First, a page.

I tried to adult this week and it didn’t go so well. Actually, for the most part, it was a complete shit-show.
I started the week with my “Low Tire Pressure” icon popping on. It’s a funny looking light. It looks like Bart Simpson’s head upside down, squished, with an exclamation point in the middle.
When I first noticed it, my heart stopped. I immediately thought the worst. I didn’t know what it meant, and I turned my music all the way down, listening for any strange sounds.
Then I noticed that where my mileage is usually displayed, a nice little note read “Low Tire Pressure”, which is a pretty cool feature for my little focus. I thought, “cool that’s easy to fix”…or so I thought.
I have seen people put air in their tires before. You put a dollar or two in the machine and attach the thingy to the tire, like filling up a bike.
I pulled up to an Irving K Station in Epping on my way home from my internship. It was around four in the afternoon, one of the busiest hours. Every pump was full and traffic was building. I wanted to get home because I still needed to get an oil change.
I pulled up to the air pump, which also had a vacuum on the other side. I put $1.25 in and waited for something to happen.
The hose turned on, louder than I thought it would sound like, so loud in fact, that I jumped and let out a girly shrill.
This hose, springy like a slinky, was dancing around in its little slot like a snake. I grabbed it, as if it were a snake, and put it between my knees while I leaned down to unscrew the cap on my tire.
I thought I knew what I was doing. Then I noticed that air was coming out of both sides of the knob, so I tried covering the other side while holding the opposite to the peg. I kept looking around me, someone was bound to watching me fumble.
I had no idea how much air I was putting in, or when to stop. I tired to get up and look at the screen but got tangled in the hose that was still situated between my legs, and fell into my car.
While dancing out of the tangles of the hose, I attempted to read the screen, which kept blinking 2-, 4-, 6-. What?!
So, I went back to what I was doing before, whatever it is I was doing, and tried the back tire on the drivers side. And, not sure how I did it, but got tangled yet again.
I got so embarrassed that I put the hose back in its slot, with the time still running and zoomed out of there like I had just robbed the place.
I haven’t told anyone about that embarrassing fail until just now, so yeah, that was cool. Sorry Alex, I know you are probably shaking your head.
Anyway, a few days later I thought I’d try a Pinterest soup my beautiful friend Kelly had made for me, a sausage and spinach soup. It was so great that I wanted to try it out for myself and Alex.
I figured that at some point I have to learn to expand my cooking horizons, you know, outside of chicken and pasta.
Alex joined me in the kitchen to put it together, like we normally do when we are cooking.
He cut the potatoes while I cut the peppers. He filled the pot while I prepared the sausage. We make a good team. First mistake though, I didn’t fry the sausage. I just cut it up and slid it in. Alex didn’t say anything. I put the spices in and Alex stirred. “Anything else?” he asked. I was mostly dumping and pouring, a technique I learned from my mom.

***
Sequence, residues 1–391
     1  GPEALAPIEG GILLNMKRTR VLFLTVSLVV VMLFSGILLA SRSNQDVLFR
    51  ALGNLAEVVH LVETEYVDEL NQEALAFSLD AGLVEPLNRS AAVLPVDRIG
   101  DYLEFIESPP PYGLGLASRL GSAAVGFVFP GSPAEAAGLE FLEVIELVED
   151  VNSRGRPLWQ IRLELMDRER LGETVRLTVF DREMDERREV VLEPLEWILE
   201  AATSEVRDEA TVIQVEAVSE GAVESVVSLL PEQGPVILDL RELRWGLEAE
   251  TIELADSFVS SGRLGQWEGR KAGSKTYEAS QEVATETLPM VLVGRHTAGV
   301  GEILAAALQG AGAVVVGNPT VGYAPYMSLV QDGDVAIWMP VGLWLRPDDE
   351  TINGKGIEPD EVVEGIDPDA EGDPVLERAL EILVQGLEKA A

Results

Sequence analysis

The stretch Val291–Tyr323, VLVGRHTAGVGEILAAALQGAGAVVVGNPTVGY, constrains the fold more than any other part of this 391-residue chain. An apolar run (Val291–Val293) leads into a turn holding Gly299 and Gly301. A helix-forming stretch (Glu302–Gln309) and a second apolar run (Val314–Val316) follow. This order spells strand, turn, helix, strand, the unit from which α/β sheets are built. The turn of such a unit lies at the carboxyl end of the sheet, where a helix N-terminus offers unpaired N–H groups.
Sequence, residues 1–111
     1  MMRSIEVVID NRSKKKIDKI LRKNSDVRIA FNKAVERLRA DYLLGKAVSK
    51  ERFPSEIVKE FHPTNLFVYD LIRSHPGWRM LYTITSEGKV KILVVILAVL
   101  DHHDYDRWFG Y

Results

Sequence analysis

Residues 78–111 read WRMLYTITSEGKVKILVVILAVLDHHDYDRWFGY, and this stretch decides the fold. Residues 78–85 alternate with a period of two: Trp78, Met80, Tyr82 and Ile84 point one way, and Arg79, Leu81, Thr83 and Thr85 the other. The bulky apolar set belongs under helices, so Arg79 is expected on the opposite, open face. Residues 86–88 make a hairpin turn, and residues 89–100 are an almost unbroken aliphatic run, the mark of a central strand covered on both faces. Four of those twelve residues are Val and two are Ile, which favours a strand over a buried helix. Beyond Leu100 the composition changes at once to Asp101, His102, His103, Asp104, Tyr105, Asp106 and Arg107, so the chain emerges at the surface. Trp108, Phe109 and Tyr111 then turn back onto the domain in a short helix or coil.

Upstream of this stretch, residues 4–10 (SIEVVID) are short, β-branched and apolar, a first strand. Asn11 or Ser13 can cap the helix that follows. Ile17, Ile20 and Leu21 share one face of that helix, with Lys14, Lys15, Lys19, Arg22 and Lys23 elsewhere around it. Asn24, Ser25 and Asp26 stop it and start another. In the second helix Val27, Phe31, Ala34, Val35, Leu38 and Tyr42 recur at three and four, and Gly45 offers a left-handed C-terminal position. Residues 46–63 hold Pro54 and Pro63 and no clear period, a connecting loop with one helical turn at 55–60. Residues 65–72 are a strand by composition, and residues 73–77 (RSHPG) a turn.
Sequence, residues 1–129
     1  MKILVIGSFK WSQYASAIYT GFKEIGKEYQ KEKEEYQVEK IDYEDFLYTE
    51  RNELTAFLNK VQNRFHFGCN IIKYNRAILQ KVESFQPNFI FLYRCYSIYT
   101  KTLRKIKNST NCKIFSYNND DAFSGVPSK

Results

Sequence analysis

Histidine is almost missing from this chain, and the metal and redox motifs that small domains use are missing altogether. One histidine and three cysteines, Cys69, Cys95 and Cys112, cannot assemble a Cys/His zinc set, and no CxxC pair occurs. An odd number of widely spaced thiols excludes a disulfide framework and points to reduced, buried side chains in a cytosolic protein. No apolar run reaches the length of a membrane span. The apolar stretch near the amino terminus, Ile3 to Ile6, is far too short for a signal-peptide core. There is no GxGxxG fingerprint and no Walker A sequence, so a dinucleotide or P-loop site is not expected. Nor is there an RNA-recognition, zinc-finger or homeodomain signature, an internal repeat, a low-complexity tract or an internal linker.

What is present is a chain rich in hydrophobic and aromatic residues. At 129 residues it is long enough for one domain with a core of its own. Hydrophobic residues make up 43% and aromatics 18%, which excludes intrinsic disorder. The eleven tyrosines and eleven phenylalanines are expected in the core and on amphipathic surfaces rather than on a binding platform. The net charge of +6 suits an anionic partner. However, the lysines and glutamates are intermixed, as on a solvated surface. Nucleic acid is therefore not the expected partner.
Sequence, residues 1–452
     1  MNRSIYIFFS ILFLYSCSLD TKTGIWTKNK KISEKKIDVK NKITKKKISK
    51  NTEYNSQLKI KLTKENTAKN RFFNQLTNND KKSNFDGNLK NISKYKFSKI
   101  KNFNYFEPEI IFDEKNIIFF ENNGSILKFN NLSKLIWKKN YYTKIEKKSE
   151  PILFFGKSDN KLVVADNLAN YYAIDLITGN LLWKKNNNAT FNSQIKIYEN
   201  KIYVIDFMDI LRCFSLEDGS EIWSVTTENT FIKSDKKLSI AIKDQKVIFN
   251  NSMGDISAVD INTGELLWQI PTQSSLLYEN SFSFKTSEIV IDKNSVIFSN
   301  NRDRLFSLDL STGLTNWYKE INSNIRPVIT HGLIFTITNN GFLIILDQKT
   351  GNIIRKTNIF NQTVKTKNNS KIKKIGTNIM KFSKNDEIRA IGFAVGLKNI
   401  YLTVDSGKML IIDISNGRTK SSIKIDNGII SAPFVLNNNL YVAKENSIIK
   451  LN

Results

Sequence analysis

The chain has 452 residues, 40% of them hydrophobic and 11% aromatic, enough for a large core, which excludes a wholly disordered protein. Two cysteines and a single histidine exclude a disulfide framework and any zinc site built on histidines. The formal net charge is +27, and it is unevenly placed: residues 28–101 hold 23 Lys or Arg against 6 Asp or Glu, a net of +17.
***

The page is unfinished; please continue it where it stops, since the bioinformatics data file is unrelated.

“Just the cream”, I responded.
He poured it in, stirred and let it sit.
We went back to our movie, “The Hills Have Eyes.”
After about twenty minutes or so, I went to check on the soup, and this is what I saw…
(Sorry for the blurriness, I was crying…)
I immediately called Kelly, going through every single step. She said, “Sammylynn! Everything sounds fine.” “But why is it clumpy?!” I said, “Oh, no…Sammylynn, did you put the cream in?” And I said, “Yes?” “You have to put the cream in at the end…otherwise it curdles….” Second mistake.
I stood in the doorway of the living room and looked at Alex with wide eyes and beckoned him back to the kitchen with me.
The first thing he said was, “Probably fat from the sausage you didn’t cook before you put it in the soup…” Low blow. “You didn’t say anything to me!” I defended. But he just laughed and said “I assumed you knew what you were doing!” I never do.
Again, he tried really hard not to laugh. I was a mess. I was trying not cry and turning redder by the second. I was so embarrassed. I was supposed to be feeding the whole house! How was I going to fix this? I couldn’t let the others see it like this.
Alex, being the problem solver as he is, went through every option, from straining it and going out to get more broth, to completely starting over. But me, being hungry and emotional, just wanted to throw it away. He wouldn’t let me. He told me to trust him. So, I did.
When it was finished, he poured the rest of the cream into the soup, and the cream that had curdled, was barely noticeable.
He walked into the living room to join everyone else, beaming and boasting about my “great soup.”
Although it was still edible and the squad still ate it, without a taste of disgust, I guess it was a lesson learned..
Read the directions instead of dumping and pouring, and ask Alex to teach me how to put air in my tires….